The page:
On Friday we elected to stay in during the morning, in order to wait for Dimview's granddaughter and Everything2's most devoted noder, Fniggles, to arrive, escorted by her parents. Fniggles is just over one year old and thanks to Dimview's birthday gift of a user account she has been a noder her entire life, although she is probably not quite old to comprehend this yet, let alone the tremendous responsibilities and powers that have been bestowed upon her by her noble noding ancestor. Exactly what Fniggles will think when she grows up enough to understand E2 is entirely beyond me. It feels like some kind of vast heroic epic in the making. One day, when she turns eighteen, her parents will take her aside and explain, "There's something we haven't told you..." And how will she react? Horror? Embarrassment? Indifference? Or, in the space year 2026, will she resurrect the surely-dead website of Everything2 and lead it to our eternally promised but never delivered mastery of the universe and all information within?
Children who have been special/different/"chosen" since birth are commonplace in fiction, but it's not every day that one gets to watch a new one emerge in reality. It's like we were present at her secret origin or something.
Fniggles has been taught not to touch computers, which is probably wise, so, despite the encouragement of our scary room full of complete strangers, she was reluctant to get up in front of Dimview's laptop and start bashing keys. Eventually, however, she was coaxed into noding for the first time, and Dimview will probably put it online in her behalf some time soon. Belatedly, I have realised that perhaps giving her a keyboard and not showing her that it was connected to a screen might have been more effective.
We headed for the central station of Copenhagen, bringing with us two more members of the Danish noder contingent, soren15 and liveforever, and met up with perennial favourites la petite mort and StrawberryFrog, who had already spent the night in Copenhagen but were staying at a separate hotel away from the Noder Labyrinth. We headed for a pub not far from the front entrance of Tivoli for beer, and it was here that the one reason why I can never move to Denmark reared its ugly head: the booze is mind-bogglingly, cripplingly expensive. BaronWR handed me a 50-kroner note, offering to buy a drink for both of us. When I returned, I was sad to announce that not only had I no change to give him, I had had to inject 50 kroners of my own to cover our round. Do the mathematics. That's about £6.75 for half a litre (i.e. less than a pint) of beer, which is more than twice as expensive as London, and the beer assuredly isn't anywhere near twice as delicious.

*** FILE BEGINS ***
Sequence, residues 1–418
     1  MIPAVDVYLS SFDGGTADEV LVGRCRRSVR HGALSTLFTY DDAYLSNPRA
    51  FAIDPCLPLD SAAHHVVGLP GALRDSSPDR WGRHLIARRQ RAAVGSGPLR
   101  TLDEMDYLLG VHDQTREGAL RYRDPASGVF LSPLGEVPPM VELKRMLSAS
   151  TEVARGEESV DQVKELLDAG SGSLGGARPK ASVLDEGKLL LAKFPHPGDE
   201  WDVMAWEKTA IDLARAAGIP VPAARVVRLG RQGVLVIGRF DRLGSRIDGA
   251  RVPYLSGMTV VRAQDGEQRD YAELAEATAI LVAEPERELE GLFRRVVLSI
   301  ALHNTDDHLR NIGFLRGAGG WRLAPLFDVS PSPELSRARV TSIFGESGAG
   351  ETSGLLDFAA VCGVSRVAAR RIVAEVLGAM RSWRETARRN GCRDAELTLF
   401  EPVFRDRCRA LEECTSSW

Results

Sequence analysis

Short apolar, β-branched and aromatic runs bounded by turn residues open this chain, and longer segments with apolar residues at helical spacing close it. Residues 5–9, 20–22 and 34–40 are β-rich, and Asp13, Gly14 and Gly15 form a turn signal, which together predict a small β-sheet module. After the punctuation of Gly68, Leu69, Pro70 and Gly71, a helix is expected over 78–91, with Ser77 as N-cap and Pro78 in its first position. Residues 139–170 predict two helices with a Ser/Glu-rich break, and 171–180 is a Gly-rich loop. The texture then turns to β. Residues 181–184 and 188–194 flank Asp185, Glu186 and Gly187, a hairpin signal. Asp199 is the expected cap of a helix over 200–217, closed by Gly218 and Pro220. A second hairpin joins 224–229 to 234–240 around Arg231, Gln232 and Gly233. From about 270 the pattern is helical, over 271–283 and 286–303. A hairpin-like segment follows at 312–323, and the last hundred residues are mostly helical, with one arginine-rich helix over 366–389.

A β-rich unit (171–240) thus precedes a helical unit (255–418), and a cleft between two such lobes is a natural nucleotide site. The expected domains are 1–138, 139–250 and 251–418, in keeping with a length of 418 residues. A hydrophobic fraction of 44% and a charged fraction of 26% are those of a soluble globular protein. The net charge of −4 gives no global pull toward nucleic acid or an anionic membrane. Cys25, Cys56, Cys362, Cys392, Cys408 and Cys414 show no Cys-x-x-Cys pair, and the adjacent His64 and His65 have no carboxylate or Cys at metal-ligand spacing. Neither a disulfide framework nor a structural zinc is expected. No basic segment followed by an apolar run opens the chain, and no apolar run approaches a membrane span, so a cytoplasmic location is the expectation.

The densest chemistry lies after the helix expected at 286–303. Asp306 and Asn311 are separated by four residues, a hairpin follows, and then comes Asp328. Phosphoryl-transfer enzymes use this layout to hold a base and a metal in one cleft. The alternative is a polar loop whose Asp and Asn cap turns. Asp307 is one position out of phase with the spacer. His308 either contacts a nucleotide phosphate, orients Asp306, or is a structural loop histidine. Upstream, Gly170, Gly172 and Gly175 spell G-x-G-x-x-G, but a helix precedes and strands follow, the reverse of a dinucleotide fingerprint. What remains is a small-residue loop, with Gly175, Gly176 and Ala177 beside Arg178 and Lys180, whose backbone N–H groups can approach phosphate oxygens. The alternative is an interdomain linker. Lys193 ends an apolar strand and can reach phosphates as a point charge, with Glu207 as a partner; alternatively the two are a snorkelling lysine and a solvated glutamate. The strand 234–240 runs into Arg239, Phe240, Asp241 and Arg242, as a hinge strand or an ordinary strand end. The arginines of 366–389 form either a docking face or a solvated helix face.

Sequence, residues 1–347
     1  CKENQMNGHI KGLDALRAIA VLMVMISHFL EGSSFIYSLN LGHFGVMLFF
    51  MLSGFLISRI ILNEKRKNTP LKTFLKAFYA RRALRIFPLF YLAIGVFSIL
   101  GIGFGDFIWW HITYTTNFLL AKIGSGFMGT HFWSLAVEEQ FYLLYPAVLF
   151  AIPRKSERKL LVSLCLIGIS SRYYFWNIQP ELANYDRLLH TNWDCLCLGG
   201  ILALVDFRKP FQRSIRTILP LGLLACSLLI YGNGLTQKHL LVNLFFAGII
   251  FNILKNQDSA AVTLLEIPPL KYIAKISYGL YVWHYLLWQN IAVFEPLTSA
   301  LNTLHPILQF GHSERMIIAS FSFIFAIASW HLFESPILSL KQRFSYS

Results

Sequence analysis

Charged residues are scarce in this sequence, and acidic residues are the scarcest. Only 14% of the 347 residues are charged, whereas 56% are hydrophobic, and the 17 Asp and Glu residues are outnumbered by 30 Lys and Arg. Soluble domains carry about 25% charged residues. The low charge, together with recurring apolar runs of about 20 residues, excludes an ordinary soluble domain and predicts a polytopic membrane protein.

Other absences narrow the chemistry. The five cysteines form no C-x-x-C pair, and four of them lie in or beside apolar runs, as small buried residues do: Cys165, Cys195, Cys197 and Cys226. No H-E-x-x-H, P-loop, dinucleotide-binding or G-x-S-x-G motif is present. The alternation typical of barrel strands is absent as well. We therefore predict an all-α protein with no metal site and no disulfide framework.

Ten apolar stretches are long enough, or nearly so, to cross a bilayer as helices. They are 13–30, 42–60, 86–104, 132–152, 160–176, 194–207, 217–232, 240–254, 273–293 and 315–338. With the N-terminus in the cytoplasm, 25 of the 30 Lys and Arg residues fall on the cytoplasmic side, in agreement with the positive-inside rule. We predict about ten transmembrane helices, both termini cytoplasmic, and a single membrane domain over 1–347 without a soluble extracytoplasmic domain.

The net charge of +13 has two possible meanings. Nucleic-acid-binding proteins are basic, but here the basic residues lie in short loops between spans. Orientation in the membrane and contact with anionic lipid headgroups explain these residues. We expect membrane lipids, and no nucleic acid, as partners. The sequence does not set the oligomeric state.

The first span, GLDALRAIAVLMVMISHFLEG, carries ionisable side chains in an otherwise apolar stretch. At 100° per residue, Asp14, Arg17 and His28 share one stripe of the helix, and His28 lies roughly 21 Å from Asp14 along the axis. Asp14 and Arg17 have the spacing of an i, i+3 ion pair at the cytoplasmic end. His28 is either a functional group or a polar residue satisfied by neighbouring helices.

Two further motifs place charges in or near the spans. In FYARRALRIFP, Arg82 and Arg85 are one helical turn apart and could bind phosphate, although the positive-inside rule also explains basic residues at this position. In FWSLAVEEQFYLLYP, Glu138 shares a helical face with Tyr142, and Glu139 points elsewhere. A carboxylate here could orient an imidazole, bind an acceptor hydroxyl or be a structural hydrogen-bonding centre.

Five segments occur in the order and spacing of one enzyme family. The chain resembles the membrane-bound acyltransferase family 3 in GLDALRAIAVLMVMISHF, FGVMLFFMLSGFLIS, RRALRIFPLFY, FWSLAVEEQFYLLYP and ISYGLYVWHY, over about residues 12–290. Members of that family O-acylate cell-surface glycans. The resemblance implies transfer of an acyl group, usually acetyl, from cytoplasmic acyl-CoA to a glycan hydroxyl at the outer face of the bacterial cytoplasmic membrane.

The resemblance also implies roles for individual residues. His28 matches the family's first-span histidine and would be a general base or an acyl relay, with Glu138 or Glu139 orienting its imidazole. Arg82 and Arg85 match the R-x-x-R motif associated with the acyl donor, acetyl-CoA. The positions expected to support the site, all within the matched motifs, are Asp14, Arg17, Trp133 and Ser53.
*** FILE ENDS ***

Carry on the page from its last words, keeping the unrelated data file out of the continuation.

Liveforever, a history lecturer, then led us on a touristy kind of tour through the Latin quarter of Copenhagen, dispensing sage advice about the various historical landmarks as we passed them... advice which I, a scientist, have sadly since allowed to fall entirely out of my brain. We worked our way past Tycho Brahe's tower (more later) and knobbly leafless trees (even Danish trees are stylish), working our way towards Klaptræet, a traditional destination of the Copenhagenoders, where we enjoyed beer that was even more expensive still. Our final Copenhagenoder, andersa, met up with us. La petite mort and BaronWR, who have much better cameras than me, photographed us using their various magical complicated lens structures, such as the cool bending tripod-like "Lensbaby" device, which allows you to e.g. take a photo of a row of fence posts with all of them in focus. It transpired that their cameras were basically identical except for branding and very minor alterations in shape.
Desiring further, cheaper booze, we left Klaptræet and passed other interesting landmarks and a shop selling ludicrously expensive custom bikes and eventually wound up nowhere because all the pubs and bars we investigated were either too expensive or too full. Finally, we admitted defeat and retired to the Labyrinth, where, with a full complement of noders achieved, we attempted to create a second, grander and much more complicated panorama which, at the time of writing... has not yet been successfully stitched together from its components. Bah!